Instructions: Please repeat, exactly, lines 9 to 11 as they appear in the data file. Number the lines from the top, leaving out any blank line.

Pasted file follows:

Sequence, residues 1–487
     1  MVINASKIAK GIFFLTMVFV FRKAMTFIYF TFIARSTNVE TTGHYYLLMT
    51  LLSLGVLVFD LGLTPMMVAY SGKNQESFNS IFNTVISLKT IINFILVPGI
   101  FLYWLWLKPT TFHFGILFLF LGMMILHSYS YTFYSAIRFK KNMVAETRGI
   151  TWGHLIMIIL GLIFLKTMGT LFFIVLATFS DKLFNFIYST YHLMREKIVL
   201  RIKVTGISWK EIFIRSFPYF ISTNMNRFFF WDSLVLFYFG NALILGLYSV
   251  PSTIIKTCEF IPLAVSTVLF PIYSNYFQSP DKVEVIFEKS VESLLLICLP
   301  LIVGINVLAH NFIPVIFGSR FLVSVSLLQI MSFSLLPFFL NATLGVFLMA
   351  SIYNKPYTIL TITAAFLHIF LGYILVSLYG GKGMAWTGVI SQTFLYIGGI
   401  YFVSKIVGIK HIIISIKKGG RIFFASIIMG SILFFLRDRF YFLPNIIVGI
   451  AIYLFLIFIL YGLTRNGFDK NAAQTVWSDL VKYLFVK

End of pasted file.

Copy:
   351  SIYNKPYTIL TITAAFLHIF LGYILVSLYG GKGMAWTGVI SQTFLYIGGI
   401  YFVSKIVGIK HIIISIKKGG RIFFASIIMG SILFFLRDRF YFLPNIIVGI
   451  AIYLFLIFIL YGLTRNGFDK NAAQTVWSDL VKYLFVK